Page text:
5. Invest in specialized training for Institutional Review Boards. Although the mission of institutional review boards (IRBs) is to safeguard the rights, safety, and well being of all human research participants, IRB members often lack the training needed to recognize disparities, and thus regularly approve research protocols that do not provide for inclusion of under-represented populations. Accordingly, an important priority is to work through the HHS Office of Human Research Protections (OHRP), which oversees the regulation of IRBs, and the Association for the Accreditation of Human Protections Programs (AAHRPP) to add specific requirements that IRBs receive training in healthcare disparities.
  6. Reallocate research funding to avoid duplication and address disparities. The report reveals a major duplication of research efforts in some disease categories and insufficient attention and resources for diseases, such as liver and kidney cancers, where there are significant disparities in outcomes and high case fatality rates. Addressing this problem will require an honest broker to access areas of duplicative research, which is why EDICT recommends that the Institute of Medicine conduct a new study that will recommend strategies for eliminating duplication and promoting coordination. Based on this assessment, Congress will be able to ensure that federal research funding complements private sector funding and gives priority to diseases with the greatest disparities and the highest case fatality rates.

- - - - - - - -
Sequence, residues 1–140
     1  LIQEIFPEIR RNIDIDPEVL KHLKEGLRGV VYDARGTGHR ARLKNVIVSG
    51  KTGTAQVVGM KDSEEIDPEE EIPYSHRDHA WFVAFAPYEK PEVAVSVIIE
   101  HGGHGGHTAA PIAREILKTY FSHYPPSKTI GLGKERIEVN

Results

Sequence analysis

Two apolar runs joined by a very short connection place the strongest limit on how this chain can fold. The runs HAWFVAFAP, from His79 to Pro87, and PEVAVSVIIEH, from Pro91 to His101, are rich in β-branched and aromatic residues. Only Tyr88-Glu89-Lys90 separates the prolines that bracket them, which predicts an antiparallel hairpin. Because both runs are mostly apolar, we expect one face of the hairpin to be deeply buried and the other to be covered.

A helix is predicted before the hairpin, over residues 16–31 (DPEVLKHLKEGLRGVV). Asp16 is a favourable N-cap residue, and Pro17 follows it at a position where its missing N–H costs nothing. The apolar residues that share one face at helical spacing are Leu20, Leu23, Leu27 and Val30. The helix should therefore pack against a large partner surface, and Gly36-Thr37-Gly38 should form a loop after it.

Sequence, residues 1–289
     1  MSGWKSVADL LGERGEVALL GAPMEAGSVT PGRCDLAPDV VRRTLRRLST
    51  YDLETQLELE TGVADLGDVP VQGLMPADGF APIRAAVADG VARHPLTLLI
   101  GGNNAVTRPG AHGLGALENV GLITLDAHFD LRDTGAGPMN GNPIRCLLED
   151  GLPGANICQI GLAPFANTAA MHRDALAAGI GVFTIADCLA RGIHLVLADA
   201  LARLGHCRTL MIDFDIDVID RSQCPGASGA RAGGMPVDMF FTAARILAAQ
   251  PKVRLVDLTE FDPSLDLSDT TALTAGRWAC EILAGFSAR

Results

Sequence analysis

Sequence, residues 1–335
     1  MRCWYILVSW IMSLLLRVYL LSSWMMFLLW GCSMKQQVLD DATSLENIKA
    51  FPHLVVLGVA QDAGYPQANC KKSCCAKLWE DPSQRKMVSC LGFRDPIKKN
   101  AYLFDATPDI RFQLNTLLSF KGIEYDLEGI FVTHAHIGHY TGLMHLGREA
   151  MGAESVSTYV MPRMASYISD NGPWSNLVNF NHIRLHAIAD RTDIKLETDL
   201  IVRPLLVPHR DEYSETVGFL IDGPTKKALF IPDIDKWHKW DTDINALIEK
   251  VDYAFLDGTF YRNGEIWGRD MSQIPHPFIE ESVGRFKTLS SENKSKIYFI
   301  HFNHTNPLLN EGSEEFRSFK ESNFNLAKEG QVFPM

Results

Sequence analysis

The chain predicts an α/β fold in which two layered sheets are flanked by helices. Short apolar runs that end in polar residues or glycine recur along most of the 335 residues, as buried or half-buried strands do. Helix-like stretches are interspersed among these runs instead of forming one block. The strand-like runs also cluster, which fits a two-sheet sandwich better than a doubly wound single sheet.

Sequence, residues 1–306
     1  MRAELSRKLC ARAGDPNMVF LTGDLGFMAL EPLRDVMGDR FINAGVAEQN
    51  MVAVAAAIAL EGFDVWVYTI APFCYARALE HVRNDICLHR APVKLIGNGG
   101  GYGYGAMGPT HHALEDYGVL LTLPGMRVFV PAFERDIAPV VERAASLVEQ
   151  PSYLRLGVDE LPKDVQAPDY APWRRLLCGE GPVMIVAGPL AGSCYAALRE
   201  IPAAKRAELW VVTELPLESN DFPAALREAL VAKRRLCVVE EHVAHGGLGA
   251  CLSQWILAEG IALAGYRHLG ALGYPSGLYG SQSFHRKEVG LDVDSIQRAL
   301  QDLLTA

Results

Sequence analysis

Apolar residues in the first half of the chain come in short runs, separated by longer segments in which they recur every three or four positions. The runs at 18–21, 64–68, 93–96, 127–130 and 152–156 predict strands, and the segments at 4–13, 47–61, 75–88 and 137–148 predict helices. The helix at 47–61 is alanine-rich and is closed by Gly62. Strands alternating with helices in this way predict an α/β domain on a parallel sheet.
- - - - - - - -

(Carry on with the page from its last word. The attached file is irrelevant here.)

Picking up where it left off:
7. Enhance public education about clinical trials. Lack of awareness about clinical trials, fear or mistrust of medical research, and the complexity of consent forms and other clinical trials materials are major barriers to patient accrual. Accordingly, the report calls for the widespread development and implementation of culturally appropriate recruitment and retention plans with an additional focus on community education provided in appropriate languages for non-English and limited-English speaking populations.
  8. Implement participant navigation as a critical element of the clinical trials process. Modeled after the "navigator" program created at Harlem Hospital, patient navigation is a new tool that helps patients keep their appointments and solves their non-medical problems. Because of its potential to retain patients in medical research studies, an analogous process termed "participant navigation" should become the accepted standard of practice for institutions conducting clinical trials.
  9. Assure insurance coverage of the costs associated with clinical trials. The costs associated with participating in a clinical trial are a concern to all patients and have remained a major barrier to patient accrual. Addressing this problem will require actions by both policy makers and the business community to identify and close any existing gaps and to produce and disseminate easy-to-understand information about what the insurance program actually covers.

Eliminating Disparities in Clinical Trials (EDICT) is a four-year initiative, funded with an unrestricted educational grant from Genentech, Inc. and conducted jointly by the Chronic Disease Prevention and Control Research Center at Baylor College of Medicine and the Intercultural Cancer Council. The goal of the EDICT project is to review relevant policies of public, private and non-profit sponsors of clinical trials to identify problems and prescribe solutions.

The report will be distributed widely to health policy makers, regulators, the public health community, clinicians, the pharmaceutical industry, and patient advocates with the goal of implementing a series of practical and realizable policy solutions to clinical trials disparities at the federal, state and institutional levels in the public, private and non-profit sectors.